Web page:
Interesting project. I wonder how to install a carbon rod without a door.
     
  5. james condino

    james condino Spruce dork Supporting Member Commercial User

    Sep 30, 2007
    asheville, nc
    The same way you install any other soundpost; 'folks have been doing it just fine for hundreds of years.....
     
  6. jonas

    jonas

    Dec 9, 2003
    Frankfurt am Main/Germany
    Kontrabass-Atelier, Lando Music (Germany)
    but does the soundpost setter hold a *tube* firmly? I guess that it will sliding off very easily … but that's just a guess, haven't tried it. Looking forward to read more about it!
     
  7. james condino

    james condino Spruce dork Supporting Member Commercial User

    Sep 30, 2007
    asheville, nc
    Hey Jonas, 'my apologies.

    That makes a lot more sense. I don't use a traditional soundpost setter when I go in through the f holes on the top plate. I use a couple of custom made ones that are like giant versions of the little violin scissors type- a sort of big, flat, multi-angled plier effect that allows me to get a very firm grip around the post, set it exactly where I want it, and also have the ability to rotate the post and make sure it fits snug in all directions very easily and quick, with no "stabbing" required to get it in position or aligned. They are so much a part of my daily work that I sometimes forget about the other methods.That is another reason why it made sense to use my bass. I believe the current issue of American Lutherie has some detailed photos of these tools- if not then they will be in the upcoming issue; I always seem to be the last guy to get the final copy in print.....:meh:

    I think you could install one of these without too much hassle- maybe a few minutes more creativity. The spruce caps keep from damaging the insides of the bass and allow some room for adjusting the length. Some of my customers amaze me with their low tech ingenuity for resetting a fallen soundpost when they are out at a remote location gig and need to get it back in place.

    j.
     
  8. Heifetzbass

    Heifetzbass Commercial User

    Feb 6, 2004
    Upstate, SC
    Owner, Gencarelli Bass Works and Fine String Instruments, LLC.
    James truly made quick work of that post! It was cool to listen as they worked it over.

    I am still working on my Laborie experiment with the units from New Harmony Music. It has Carbon fiber fittings and a cf rod. I am working on doing some testing comparing the cf to the wooden dowels of various species. I will have a friend in town that can help me with recording and analyzing.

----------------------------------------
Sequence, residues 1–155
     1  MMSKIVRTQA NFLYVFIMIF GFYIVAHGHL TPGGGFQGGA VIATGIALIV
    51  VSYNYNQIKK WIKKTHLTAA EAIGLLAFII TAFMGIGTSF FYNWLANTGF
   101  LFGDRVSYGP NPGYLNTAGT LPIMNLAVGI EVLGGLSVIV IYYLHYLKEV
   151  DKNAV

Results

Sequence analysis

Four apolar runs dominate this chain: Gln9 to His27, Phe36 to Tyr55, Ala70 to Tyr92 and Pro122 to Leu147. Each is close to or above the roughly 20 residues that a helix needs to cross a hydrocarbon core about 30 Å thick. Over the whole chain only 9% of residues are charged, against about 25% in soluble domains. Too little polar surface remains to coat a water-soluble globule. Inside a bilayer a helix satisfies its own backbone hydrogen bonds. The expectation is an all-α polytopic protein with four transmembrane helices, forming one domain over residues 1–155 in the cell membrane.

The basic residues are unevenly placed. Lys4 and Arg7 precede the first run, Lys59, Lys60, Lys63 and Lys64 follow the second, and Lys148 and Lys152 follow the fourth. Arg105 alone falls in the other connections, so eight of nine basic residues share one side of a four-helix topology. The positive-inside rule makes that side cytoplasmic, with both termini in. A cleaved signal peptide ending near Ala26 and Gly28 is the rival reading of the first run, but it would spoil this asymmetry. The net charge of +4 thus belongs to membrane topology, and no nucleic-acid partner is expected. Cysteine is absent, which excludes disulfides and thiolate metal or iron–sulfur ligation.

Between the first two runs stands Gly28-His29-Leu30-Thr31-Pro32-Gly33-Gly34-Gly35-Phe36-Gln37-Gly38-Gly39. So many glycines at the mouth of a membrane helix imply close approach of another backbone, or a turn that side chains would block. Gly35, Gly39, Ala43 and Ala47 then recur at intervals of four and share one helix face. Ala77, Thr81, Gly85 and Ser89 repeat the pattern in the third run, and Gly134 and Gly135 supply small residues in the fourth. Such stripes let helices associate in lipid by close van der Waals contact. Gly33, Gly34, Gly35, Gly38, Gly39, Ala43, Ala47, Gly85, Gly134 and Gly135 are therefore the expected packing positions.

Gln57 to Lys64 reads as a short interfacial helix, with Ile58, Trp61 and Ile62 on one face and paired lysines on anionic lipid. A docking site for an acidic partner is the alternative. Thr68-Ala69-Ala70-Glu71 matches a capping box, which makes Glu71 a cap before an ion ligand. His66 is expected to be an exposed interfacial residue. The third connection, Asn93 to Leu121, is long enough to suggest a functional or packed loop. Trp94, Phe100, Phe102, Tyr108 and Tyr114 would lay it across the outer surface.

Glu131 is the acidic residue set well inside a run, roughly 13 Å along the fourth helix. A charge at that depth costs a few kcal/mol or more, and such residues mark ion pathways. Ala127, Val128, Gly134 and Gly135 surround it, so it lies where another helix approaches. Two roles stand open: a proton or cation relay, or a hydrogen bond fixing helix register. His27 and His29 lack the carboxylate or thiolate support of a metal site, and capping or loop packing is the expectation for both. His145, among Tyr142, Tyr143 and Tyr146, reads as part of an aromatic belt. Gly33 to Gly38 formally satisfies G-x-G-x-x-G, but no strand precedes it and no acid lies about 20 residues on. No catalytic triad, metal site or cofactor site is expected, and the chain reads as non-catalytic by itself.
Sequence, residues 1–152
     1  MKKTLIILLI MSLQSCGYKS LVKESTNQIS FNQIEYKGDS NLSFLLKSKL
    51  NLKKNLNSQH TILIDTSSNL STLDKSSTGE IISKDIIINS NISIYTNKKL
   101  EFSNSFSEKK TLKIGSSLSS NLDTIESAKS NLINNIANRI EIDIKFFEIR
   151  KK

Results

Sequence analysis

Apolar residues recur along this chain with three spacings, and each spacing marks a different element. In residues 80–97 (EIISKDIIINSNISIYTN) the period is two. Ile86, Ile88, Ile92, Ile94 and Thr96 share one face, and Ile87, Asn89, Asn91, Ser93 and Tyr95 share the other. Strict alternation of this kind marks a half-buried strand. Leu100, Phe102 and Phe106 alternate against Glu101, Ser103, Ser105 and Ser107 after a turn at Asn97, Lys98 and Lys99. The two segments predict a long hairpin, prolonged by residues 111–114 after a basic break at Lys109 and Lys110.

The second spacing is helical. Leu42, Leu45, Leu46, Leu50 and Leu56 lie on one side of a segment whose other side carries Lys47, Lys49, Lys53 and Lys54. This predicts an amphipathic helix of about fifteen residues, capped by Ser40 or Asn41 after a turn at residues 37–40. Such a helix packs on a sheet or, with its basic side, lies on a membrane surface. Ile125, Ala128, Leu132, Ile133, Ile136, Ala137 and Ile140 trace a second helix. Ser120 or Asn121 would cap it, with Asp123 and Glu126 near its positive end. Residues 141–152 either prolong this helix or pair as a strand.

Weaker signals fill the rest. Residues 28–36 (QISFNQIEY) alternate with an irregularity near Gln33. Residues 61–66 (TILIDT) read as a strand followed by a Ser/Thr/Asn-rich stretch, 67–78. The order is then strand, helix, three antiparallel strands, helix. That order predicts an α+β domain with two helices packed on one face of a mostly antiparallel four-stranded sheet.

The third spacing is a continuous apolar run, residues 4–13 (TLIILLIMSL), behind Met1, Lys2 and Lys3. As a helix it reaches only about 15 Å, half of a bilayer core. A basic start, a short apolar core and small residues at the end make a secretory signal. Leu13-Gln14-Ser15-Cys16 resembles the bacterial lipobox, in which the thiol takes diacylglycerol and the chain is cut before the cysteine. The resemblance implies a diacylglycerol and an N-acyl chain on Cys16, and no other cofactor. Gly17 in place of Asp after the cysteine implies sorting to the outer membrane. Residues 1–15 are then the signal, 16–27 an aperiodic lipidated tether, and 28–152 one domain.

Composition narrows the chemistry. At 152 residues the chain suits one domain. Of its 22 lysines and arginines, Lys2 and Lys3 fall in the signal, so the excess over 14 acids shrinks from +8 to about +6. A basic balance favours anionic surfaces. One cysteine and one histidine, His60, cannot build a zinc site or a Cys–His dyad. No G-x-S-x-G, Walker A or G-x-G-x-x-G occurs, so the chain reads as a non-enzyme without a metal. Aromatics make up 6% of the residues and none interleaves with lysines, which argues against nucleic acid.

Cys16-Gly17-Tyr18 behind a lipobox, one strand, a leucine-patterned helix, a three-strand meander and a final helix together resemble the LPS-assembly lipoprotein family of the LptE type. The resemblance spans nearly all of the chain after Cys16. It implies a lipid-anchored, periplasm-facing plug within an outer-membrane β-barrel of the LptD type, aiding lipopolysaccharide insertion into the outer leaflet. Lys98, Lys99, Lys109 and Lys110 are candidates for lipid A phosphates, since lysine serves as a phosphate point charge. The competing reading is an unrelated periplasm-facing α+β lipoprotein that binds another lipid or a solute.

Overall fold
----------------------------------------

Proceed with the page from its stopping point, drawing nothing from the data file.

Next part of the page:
BTW- James, did you get my email last week?

    Brian
     
  9. 360guy

    360guy Supporting Member

    Apr 28, 2006
    Lansing, MI USA
    James, I was delighted to have worked next to you at Oberlin. I am humbled by your talent. Your insight and innovative approaches are a great source of inspiration for me.

    And I was thinking of working with some carbon fiber in the bridge area but then I read this posting another site:

    "As an aviation safety officer, I was taught to be VERY CAREFUL around crashes with airplanes that had carbon fiber parts, as the strands of fiber stuff could get into you, and you can't get them out. Crash scenes are first sprayed with something to encapsulate the stuff, then you can be around the site safely.

    I would think machining the stuff might free up the fibers nearly the same? But of course I've seen knife handles made out of carbon graphite, so I don't really know, but it's worth looking into further if you're not sure either!"


    I have no desire to be a fly in the ointment. I only want to see us all avoid health problems in the future.

    Btw...I'm working on the DVD. Probably get your copy when the snow starts flying ( sometime before your American Luthier summer issue) but the memories will be vintage by then, huh?
     
  10. Matthew Tucker

    Matthew Tucker Commercial User

    Aug 21, 2002
    Sydney, Australia
    Owner: Bresque Basses, Sydney Basses and Cellos
    call me old school but I think I'll stick with the cheap as chips wooden version until someone writes "Wow! Knocked out by the difference! Every single time!" :D
     
  11. swingingoodtime

    swingingoodtime Supporting Member

    Mar 19, 2009
    Sydney, Australia
    I've fitted a 16mm solid CF sound post to my bass which although slightly heavier than the old spruce post is significantly stiffer. I'd agree that there's an improvement in terms of 'tautness' of tone. No, it's not a huge night and day difference (are there really any of those left to discover?), but it's there if you're happy to put the effort into shaping the ends (it's a LOT more work than spruce!). No, you can't use a normal SP setting tool as you can't drive the blade into the rod, so I use thick (~4mm) braided nylon cord 'tied' in a lark's head knot (see http://stonebrashcreative.com/MacrameTutorial.html) around and near the belly-end of the post, with the ends of the cord each poking out of its own f-hole; pull the cord tight and the shape of the knot holds the post in an upright position (I usually tie the loose ends together on the belly with the string pulled taut to hold it in position). Pulling on either end of the cord allows sideways positioning of the post and sliding it up and down the f-holes allows vertical positioning. I use a carving fork and gentle taps with my long handled viewing mirror for precise positioning. I also wrap some masking tape around the post and mark the 3 & 9 o'clock positions in relation to the orientation of the end chamfers, which acts like the mark that the soundpost setting tool leaves in a wooden post to set the rotational alignment of the chamfers to the belly. Works like a charm and the lark's head knot is easily loosened for the cord to be removed from the post.
     
  12. George700DL

    George700DL

    Jan 9, 2009
    Maryland
    lark's head... good option. i use a slipknot on my sp, and leave the string inside the bass. it's never a problem to grab it when i need to. this is a spruce soundpost, by the way, but i never felt the need to stab it with a standard tool, when there are easier options.